After losing out twice before, Beechcraft is again protesting the U.S. Air Force’s decision to award a contract for light attack airplanes for the Afghan military to Brazil’s Embraer.
Embraer and its U.S.-based partner, Sierra Nevada, won a $427 million deal on February 27 to supply 20 Super Tucano turboprops to be used in Afghanistan for counterinsurgency missions.
In a statement, Beechcraft CEO Bill Boisture said his company is “perplexed” by the Air Force decision and will file a protest with the U.S. Government Accountability Office based on concerns that there were mistakes in the selection process.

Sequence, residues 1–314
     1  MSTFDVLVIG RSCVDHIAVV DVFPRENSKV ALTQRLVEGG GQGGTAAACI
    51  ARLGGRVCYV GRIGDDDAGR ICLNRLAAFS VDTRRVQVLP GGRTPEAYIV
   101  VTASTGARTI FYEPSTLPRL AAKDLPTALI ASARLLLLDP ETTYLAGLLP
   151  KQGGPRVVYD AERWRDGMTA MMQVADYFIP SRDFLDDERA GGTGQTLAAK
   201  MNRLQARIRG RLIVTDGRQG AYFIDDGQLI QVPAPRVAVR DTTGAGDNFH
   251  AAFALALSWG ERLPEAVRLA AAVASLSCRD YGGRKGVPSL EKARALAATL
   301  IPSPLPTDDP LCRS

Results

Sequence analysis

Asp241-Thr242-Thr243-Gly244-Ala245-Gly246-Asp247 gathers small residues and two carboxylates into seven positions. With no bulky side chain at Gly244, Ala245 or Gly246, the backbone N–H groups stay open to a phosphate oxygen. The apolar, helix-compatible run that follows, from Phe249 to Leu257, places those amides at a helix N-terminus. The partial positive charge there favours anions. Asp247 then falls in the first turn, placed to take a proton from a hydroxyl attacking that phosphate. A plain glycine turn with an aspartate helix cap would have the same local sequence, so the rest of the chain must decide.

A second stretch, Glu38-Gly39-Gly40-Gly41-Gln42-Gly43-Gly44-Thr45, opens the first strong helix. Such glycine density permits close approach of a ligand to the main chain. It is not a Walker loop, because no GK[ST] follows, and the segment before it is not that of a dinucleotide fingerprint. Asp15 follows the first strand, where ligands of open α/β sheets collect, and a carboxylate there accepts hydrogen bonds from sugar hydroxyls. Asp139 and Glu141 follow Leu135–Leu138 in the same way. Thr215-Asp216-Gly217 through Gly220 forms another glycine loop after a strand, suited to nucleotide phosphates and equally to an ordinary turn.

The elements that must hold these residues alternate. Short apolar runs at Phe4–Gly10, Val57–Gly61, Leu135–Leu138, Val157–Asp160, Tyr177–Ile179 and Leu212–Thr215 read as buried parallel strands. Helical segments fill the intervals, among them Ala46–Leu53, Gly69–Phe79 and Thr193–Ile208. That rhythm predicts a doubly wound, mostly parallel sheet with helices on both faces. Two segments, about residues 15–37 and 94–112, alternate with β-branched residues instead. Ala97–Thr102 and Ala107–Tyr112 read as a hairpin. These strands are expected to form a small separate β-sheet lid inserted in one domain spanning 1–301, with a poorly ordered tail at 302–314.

“We simply don’t understand how the Air Force can justify spending over 40 percent more — over $125 million more — for what we consider to be less capable aircraft,” Boisture said.
Embraer won an initial $355 million contract in December 2011, but Hawker Beechcraft challenged the decision after losing the bid. That led to the second selection process. Beechcraft is complaining that the choice of the Super Tucano over its own AT-6 Texan II turboprop will cost 1,400 U.S. jobs. Embraer counters that argument by pointing out that it plans to hire 1,200 workers in Florida to fulfill the Air Force contract.